7. An Enzymatic Clinical Chemistry Laboratory Experiment Incorporating an Introduction to Mathematical Method Comparison Techniques

    ERIC Educational Resources Information Center

    Duxbury, Mark

    2004-01-01

    An enzymatic laboratory experiment based on the analysis of serum is described that is suitable for students of clinical chemistry. The experiment incorporates an introduction to mathematical method-comparison techniques in which three different clinical glucose analysis methods are compared using linear regression and Bland-Altman difference…

  8. Current and future use of "dried blood spot" analyses in clinical chemistry.

    PubMed

    Lehmann, Sylvain; Delaby, Constance; Vialaret, Jérôme; Ducos, Jacques; Hirtz, Christophe

    2013-10-01

    The analysis of blood spotted and dried on a matrix (i.e., "dried blood spot" or DBS) has been used since the 1960s in clinical chemistry; mostly for neonatal screening. Since then, many clinical analytes, including nucleic acids, small molecules and lipids, have been successfully measured using DBS. Although this pre-analytical approach represents an interesting alternative to classical venous blood sampling, its routine use is limited. Here, we review the application of DBS technology in clinical chemistry, and evaluate its future role supported by new analytical methods such as mass spectrometry. PMID:23740687

  9. Multivariate approach to quality control in clinical chemistry

    Microsoft Academic Search

    Jerry Dechert; Kenneth E. Case

    1998-01-01

    When monitoring analyzer performance in the clinical setting, laboratories are required to test multiple con- centrations of control material on a daily basis. Because of the nature of laboratory testing, there is the potential for correlation between the concentrations of control material being monitored. Although traditional clinical quality-control approaches make an underlying as- sumption of independence with respect to the

  10. ROC Curves in Clinical Chemistry: Uses, Misuses, and Possible Solutions

    Microsoft Academic Search

    Nancy A. Obuchowski; Michael L. Lieber; Frank H. Wians

    2004-01-01

    Background: ROC curves have become the standard for describing and comparing the accuracy of diagnostic tests. Not surprisingly, ROC curves are used often by clinical chemists. Our aims were to observe how the accuracy of clinical laboratory diagnostic tests are as- sessed, compared, and reported in the literature; to identify common problems with the use of ROC curves; and to

  11. Matrix-assisted laser desorption\\/ionization time-of-flight mass spectrometry in clinical chemistry

    Microsoft Academic Search

    Laure F. Marvin; Matthew A. Roberts; Laurent B. Fay

    Abstract Matrix-assisted laser desorption\\/ionization time-of-flight mass,spectrometry,(MALDI-Tof-MS) has recently become,a popular and versatile method to analyze macromolecules from biological origin. In this paper, we will review the application of MALDI-Tof-MS in clinical chemistry and biology. MALDI-Tof-MS is used in clinical chemistry, e.g. disease markers can be identified with MALDI-MS analysis in combination,with 1-D and 2-D gel electrophoresis separations thanks to either

  12. History of clinical chemistry in a children's hospital (1914-1964).

    PubMed

    Meites, S

    2000-07-01

    The historical development of a charitable children's hospital and the evolution of its clinical laboratory are presented. With the appearance of practical quantitative blood chemistry tests in the period between the two World Wars, applications to pediatrics were hampered by the need for ultramicro procedures then unavailable and for improved skin-puncture blood sampling. World War II brought economic demands that forced the hospital to privatize its beds and to charge fee-for-services. In turn, this brought added income, allowing the hiring or subsidizing of a professional staff, including the clinical chemist. The development of ultramicro blood chemistry followed, along with improved skin-puncture technology. PMID:10894850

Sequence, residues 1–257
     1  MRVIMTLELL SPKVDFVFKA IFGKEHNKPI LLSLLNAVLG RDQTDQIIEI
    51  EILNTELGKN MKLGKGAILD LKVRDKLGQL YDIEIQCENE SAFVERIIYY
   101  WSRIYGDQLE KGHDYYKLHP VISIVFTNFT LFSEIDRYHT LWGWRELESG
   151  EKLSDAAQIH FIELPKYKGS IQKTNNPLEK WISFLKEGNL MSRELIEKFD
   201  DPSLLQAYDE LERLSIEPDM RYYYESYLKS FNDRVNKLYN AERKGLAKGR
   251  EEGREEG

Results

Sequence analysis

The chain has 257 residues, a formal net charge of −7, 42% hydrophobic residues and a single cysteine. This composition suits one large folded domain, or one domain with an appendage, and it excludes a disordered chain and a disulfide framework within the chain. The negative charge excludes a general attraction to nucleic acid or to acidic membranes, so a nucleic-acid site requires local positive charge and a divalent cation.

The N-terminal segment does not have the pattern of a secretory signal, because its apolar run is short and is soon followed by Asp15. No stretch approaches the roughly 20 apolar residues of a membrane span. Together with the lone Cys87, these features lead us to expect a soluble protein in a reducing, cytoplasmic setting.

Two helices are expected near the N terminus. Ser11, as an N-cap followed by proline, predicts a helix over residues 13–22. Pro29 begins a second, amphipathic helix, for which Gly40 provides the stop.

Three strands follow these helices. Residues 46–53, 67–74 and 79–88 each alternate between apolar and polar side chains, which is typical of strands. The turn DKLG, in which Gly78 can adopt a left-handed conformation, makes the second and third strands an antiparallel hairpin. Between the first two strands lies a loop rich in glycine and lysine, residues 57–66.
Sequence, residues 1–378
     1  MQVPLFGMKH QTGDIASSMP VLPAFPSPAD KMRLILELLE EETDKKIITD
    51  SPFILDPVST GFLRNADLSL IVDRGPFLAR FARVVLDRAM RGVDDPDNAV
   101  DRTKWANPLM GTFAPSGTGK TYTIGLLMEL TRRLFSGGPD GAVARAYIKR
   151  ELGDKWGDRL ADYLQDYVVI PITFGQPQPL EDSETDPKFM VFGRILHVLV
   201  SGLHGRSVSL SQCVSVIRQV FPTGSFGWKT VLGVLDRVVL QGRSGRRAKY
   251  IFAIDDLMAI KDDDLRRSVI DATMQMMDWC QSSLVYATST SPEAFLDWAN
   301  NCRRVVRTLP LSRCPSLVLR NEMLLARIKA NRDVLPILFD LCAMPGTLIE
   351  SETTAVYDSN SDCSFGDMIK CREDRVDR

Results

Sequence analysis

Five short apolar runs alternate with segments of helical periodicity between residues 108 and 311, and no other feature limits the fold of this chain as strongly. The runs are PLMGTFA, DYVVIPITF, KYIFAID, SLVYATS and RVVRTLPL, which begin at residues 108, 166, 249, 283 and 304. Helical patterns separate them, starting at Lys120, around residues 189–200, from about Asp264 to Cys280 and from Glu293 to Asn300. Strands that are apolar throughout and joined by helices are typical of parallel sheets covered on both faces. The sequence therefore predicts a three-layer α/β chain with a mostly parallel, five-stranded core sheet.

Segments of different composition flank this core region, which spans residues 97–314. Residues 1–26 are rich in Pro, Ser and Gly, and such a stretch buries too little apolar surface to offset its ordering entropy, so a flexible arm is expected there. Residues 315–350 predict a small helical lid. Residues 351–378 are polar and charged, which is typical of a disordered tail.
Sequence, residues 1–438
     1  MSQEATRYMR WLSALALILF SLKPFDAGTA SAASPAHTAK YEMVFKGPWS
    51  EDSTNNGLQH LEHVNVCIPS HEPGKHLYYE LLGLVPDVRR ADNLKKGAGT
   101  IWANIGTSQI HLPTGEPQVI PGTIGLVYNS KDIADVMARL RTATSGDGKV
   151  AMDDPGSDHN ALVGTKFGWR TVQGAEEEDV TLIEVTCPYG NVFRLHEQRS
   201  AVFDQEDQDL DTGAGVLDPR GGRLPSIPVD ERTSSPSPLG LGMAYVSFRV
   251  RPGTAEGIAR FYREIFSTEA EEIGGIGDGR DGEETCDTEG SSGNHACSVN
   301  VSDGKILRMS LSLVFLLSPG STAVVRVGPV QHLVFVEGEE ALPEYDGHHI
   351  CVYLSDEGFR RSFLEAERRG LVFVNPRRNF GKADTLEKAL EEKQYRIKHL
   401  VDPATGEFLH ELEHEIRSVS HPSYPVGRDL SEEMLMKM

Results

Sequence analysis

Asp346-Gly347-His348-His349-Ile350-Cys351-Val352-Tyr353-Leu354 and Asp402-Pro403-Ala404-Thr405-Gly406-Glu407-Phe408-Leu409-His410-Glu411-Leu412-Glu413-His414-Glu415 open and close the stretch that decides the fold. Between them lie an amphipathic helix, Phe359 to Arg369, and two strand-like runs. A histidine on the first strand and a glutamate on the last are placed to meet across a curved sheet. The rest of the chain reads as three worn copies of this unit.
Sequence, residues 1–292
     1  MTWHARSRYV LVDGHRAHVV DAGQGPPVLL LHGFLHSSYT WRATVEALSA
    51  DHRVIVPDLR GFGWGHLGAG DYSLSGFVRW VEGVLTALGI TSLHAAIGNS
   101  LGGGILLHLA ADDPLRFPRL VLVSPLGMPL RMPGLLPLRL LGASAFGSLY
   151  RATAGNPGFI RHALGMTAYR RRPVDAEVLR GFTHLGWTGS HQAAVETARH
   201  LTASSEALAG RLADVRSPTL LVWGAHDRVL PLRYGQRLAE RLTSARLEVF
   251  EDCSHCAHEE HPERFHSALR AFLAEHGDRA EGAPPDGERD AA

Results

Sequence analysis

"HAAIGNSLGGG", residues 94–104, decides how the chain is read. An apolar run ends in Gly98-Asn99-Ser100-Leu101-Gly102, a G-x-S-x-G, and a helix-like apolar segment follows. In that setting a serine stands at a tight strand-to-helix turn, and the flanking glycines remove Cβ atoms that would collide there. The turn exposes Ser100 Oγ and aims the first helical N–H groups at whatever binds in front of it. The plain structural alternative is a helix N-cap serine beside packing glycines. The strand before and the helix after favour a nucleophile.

13. Clinical chemistry and molecular biology of homocysteine metabolism: An update

    Microsoft Academic Search

    Steven E. S. Miner; Jovan Evrovski; David E. C. Cole

    1997-01-01

    Objective: To summarize recent developments in our understanding of homocysteine as a clinically relevant and independent predictor of vaso-occlusive disease (including atherosclerosis and thromboembolism), as an early indicator of folate or cobalamin deficiency, and as a key factor in the pathogenesis of neural tube defects.Methods and Results: To determine total homocysteine, plasma or serum must be separated shortly after collection

  14. Tandem mass spectrometry in the clinical chemistry laboratory

    Microsoft Academic Search

    Kent C. Dooley

    2003-01-01

    Tandem mass spectrometry is becoming an increasingly important analytical technology in the clinical laboratory environment. Applications in toxicology and therapeutic drug monitoring have opened the door for tandem mass spectrometry and now we are seeing a vast array of new applications being developed. It has been the combination of tandem mass spectrometry with sample introduction techniques employing atomospheric pressure ionization

  15. Atlas of Genetics and Cytogenetics in Oncology and Haematology

    NSDL National Science Digital Library

    The Atlas of Genetics and Cytogenetics in Oncology and Haematology, a peer-reviewed online journal and database provided by Infobiogen, is "devoted to genes, cytogenetics, and clinical entities in cancer, and cancer-prone diseases." Users can search the materials by genes, leukaemias, solid tumors, cancer prone diseases, and chromosomes. Researchers can find links to scientific societies and meetings. Students can explore educational materials on Mendelian and non-Mendelian Inheritance, chromosomes, population genetics, and additional human genetics topics. The website also offers reviews and case reports.